2- Find a Translation You Understand

I remember the first time I read another translation other than the NIV (New International Version.) My parents bought me a Student Bible as a teenage, and it was the NLT (New Living Translation). It was a GAME-CHANGER for me. Where once I had thought of the Bible  as boring, was now talking to me in a slightly different way. Just enough to grab and hold my attention. Not only that, but it was full of notes in the margins and even sidenotes in the text filling in history, culture or parallel passages to help me fill in the blanks.

Okay… so, when you begin looking into different translations or versions of the Bible, you may become overwhelmed. (There are a TON out there…). Fret not!  I can give you a couple of options that will help you determine the route to go. 

Difference Between Translations and Versions

Here’s the first thing you must understand: the Bible was written in several languages (Hebrew, Aramaic and Greek). The first translation into English was by John Wycliff in 1382 (over 500 years before I was born!) Can you imagine that moment though? To read about the Savior in your own language? And this is still going on around the world today. (Check out Pioneer Bible Translators and Wycliff Bible Translators!)

When something is translated into another language, it can be generally translated “word for word” or “thought for thought”. On the arrow below… there are versions that are almost word for word what is in the original text… and translations that take what is the in the original text and try to match the thought, voice or emotion of the text.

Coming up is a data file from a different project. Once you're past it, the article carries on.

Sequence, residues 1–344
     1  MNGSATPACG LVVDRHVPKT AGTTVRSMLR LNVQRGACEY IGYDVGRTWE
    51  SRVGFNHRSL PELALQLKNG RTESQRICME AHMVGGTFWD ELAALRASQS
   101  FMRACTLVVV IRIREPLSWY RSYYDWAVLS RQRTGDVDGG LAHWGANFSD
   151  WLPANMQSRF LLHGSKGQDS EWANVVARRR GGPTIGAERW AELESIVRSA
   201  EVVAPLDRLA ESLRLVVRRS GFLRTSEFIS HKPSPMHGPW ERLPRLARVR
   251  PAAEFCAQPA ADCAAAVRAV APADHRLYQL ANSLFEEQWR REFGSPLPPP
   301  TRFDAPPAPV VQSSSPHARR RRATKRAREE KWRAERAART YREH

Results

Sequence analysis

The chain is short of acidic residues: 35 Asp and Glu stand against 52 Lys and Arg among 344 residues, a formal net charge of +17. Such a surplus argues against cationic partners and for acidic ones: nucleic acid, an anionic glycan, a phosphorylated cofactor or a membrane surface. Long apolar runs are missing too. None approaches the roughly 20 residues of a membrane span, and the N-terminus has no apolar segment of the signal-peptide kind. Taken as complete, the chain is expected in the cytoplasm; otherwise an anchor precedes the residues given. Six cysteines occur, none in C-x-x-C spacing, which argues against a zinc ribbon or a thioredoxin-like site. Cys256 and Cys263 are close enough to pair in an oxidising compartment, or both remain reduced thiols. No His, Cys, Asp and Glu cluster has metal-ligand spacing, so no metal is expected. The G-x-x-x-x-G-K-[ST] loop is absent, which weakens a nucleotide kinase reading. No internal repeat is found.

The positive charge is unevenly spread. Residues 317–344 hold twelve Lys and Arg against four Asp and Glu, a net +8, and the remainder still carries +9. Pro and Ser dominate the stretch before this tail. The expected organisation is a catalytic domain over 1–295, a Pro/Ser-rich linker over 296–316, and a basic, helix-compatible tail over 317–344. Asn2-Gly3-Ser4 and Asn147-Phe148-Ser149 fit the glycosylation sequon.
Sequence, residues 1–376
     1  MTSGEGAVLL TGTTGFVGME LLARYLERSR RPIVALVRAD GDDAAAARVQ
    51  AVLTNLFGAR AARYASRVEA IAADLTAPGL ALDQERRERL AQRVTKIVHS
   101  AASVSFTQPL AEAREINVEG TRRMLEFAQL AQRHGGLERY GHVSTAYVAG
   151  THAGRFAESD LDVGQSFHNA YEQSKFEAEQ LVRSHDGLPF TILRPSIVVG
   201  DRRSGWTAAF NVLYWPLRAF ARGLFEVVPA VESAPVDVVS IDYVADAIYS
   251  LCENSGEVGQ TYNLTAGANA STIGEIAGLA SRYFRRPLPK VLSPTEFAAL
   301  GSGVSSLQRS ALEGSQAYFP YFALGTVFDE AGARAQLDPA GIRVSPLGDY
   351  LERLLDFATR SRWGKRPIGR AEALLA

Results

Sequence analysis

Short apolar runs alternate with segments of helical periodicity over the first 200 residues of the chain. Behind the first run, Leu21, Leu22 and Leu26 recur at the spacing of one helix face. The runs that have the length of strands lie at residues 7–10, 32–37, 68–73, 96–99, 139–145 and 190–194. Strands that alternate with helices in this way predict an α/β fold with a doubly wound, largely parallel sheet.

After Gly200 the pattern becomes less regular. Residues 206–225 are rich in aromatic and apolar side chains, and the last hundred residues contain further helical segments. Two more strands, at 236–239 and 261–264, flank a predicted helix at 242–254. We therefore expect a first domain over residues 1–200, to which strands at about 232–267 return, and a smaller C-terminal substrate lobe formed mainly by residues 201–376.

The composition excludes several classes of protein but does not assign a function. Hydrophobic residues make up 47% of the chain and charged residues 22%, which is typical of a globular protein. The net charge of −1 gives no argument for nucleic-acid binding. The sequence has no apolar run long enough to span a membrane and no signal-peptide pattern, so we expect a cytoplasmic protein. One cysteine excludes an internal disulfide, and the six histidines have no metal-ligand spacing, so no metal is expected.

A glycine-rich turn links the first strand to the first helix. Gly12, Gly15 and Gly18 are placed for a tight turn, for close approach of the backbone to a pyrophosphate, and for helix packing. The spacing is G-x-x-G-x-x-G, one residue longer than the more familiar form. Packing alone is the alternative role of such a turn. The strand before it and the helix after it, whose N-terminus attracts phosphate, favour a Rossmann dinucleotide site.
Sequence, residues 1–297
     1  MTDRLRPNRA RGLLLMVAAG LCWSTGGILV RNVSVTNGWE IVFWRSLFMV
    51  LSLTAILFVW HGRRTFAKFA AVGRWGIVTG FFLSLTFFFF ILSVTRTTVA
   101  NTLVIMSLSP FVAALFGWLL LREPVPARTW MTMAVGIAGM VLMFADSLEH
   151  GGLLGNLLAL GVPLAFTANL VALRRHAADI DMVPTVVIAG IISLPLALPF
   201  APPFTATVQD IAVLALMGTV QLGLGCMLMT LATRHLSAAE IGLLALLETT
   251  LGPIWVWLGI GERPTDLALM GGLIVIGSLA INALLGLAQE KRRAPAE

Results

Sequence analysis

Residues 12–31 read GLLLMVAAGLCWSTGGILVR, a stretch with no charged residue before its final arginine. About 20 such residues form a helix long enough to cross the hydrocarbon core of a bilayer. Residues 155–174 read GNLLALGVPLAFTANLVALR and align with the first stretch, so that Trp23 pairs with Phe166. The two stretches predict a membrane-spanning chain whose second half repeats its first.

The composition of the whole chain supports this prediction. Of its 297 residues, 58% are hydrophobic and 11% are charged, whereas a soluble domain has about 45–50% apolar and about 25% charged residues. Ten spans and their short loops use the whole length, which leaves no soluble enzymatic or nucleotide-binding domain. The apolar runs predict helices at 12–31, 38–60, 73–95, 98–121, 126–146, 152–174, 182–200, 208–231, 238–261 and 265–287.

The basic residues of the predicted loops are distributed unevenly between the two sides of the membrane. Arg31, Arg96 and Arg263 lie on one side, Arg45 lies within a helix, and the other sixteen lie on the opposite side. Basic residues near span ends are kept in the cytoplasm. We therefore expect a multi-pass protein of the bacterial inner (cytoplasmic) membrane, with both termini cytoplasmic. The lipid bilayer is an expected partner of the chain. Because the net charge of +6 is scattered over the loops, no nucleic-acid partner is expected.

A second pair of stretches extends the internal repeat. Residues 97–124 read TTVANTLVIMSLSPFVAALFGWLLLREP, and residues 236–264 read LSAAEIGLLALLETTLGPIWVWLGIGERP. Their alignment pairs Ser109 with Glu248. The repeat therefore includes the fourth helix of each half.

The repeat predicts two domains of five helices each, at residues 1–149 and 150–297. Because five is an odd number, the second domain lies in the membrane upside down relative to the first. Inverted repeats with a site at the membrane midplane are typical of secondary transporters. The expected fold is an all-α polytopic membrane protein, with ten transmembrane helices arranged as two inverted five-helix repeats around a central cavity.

I honestly prefer having several different versions/translations open when I’m intently studying a passage. But when I’m just wanting to lean into the words and allow them to speak to me? I choose a translation that has emotion and tone built into the words. It seems to bring them to life for me. One amazing resource is the YouVersion Bible app. You can jump between translations with just a click. 

 A couple of translations/versions that I recommend? If you’re leaning toward the “word for word” versions, pick up the NASB (New American Standard Bible) or the ESV (English Standard Version.) For the middle of the road? Definitely, the NIV (New International Version.). If you’re wanting to aim towards finding a translation that tries to capture the original author’s thought? Then reach for the NLT, (New Living Translation.) When I’m helping someone determine which version they prefer, the NLT is usually the one that they land on. It’s a very clean and understandable translation and reads in contemporary English.